The freedom of being on my own dime was awesome; I was able to pick and choose where to linger and admire and where to drive right through. And I made the most of those German Autobahns.
And this tiny kingdom was a drive-through visit – there really was not much at all to see, Moreover, they would not stamp EU passports.
But even at a young age, I was a country counter and determined since I was on my own dime, that I was going to visit this new country or is it a principality?
Unexpectedly, Luxembourg turned out to be ace. This was a surprise. In addition to the cheap petrol, Luxembourg dished up surprise after surprise.
The city itself was a really pleasant place to wander around and relax. Moreover, the countryside was also exceptional. I visited country parks that had easy parking and lovely trails and everything was so simple to navigate.
Somewhere that always pleasantly surprises me is Austria. It was amazing, unexpectedly so. I ended up spending extra time in Salzburg, as I was enjoying it so much. Mozarts’ birthplace really moved me (despite not liking classical music at that time) and the bakeries were divine.
Given it was the summer, you could go up in the ski lift to experience a Sound of Music type experience. It was lovely, the cowbells were gently clanking away……until I spotted the speakers playing them. Despite the fake sound effects, it was fun.
Nowadays I love, like absolutely adore Italy. But truth be told, my first foray into the country was not that amazing. I visited Milan and was expecting to love it. The Duomo was lovely, as was the arcade. But after seeing them I felt strange.
It turns out Milan is the fashion capital. I know nothing about fashion. Everyone was so well dressed it looked like a runway show. And it all felt a little soulless to be honest. At least the wine was good.
A millionaires playground, where even the affluent feel poor. Well worth visiting to see how the other half live and wander around marvelling at the size of the yachts. And the casino is also top notch to visit – if you are anything like me, you will want to imagine you are in that James Bond movie.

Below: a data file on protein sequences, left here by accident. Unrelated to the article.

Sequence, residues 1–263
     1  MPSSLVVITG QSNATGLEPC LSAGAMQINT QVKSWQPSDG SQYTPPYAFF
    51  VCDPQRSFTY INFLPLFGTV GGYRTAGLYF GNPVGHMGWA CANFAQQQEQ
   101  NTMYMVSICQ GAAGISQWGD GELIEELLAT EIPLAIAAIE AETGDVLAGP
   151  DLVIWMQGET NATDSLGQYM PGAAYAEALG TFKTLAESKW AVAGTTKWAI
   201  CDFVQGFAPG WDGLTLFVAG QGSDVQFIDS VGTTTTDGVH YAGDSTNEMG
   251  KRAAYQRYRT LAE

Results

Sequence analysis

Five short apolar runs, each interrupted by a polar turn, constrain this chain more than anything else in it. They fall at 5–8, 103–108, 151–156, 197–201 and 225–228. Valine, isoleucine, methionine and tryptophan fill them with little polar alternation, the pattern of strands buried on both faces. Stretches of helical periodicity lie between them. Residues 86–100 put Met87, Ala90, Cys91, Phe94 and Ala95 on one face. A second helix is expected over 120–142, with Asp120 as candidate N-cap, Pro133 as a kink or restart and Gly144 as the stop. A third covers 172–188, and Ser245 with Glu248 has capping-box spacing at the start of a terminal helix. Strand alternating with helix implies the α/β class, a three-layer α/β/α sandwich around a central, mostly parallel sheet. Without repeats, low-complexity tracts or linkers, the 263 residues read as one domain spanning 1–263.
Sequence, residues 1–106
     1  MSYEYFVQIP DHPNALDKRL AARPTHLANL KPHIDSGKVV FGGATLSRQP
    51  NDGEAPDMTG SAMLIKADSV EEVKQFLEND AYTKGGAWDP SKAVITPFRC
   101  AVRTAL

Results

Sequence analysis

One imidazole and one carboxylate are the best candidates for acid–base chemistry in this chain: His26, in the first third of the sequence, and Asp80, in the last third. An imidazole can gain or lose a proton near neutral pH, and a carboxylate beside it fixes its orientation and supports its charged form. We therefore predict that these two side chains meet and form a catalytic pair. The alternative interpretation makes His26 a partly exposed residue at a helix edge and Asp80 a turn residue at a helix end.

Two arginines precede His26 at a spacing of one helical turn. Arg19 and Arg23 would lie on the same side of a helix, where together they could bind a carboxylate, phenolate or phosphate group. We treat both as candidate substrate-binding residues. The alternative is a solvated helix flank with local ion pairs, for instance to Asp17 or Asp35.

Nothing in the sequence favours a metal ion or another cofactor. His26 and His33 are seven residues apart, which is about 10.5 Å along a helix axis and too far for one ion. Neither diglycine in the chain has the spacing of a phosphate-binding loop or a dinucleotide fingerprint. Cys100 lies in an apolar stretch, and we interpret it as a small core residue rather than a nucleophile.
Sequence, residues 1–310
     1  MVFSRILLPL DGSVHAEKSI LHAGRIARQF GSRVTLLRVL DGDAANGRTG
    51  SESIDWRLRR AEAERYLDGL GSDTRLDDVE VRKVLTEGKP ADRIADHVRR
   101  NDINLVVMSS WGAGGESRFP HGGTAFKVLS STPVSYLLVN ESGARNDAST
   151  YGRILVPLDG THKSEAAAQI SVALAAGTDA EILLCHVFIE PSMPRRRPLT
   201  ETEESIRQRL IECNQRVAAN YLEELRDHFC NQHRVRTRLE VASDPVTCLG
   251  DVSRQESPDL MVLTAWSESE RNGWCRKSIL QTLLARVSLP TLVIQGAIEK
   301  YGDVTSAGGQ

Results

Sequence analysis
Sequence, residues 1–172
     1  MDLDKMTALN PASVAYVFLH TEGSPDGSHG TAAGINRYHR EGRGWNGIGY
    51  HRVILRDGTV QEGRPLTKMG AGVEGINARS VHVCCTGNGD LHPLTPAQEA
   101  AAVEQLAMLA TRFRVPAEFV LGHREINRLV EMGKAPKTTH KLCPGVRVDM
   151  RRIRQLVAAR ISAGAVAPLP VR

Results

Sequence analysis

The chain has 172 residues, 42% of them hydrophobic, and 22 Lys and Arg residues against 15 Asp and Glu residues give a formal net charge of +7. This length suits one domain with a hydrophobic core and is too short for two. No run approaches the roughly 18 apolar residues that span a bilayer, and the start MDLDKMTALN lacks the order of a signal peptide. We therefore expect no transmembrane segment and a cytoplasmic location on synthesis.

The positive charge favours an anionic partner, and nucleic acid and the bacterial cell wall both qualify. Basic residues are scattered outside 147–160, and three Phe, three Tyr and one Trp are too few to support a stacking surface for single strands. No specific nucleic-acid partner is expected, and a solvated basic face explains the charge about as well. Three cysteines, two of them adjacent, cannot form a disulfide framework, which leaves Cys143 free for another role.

Since I didn’t exactly fit in, and I was on my own dime this was a flying visit to Monaco – just a day trip really to see what it was all really about. And I got my answer: money.
Freakishly immaculately clean, and very, very expensive are my key memories of Switzerland. It was so different to anywhere else despite sharing languages and very similar cultures to its neighbours.
One of the most unexpectedly fun visits I remember here was visiting the UN. It was a great reminder of all the 193 countries in the world and we are just a small nation in the UK.
On my own dime vs my parents
Can you see a change compared to the places my parents took me? My parents were fond of child-friendly resorts in typical British tourist spots. On my own dime, I chose to move away from the tourist traps, getting to see and experience our immediate neighbours across the Channel. Looking back, I am so impressed at myself making this road trip alone. It was an awesome experience and a challenge at times – but what I learned will always stay with me.
Over to you
- What are your thoughts?
- Where was your first trip on your own dime?
- Does your style of travel differ from your parents
- Are you a fan of solo travel?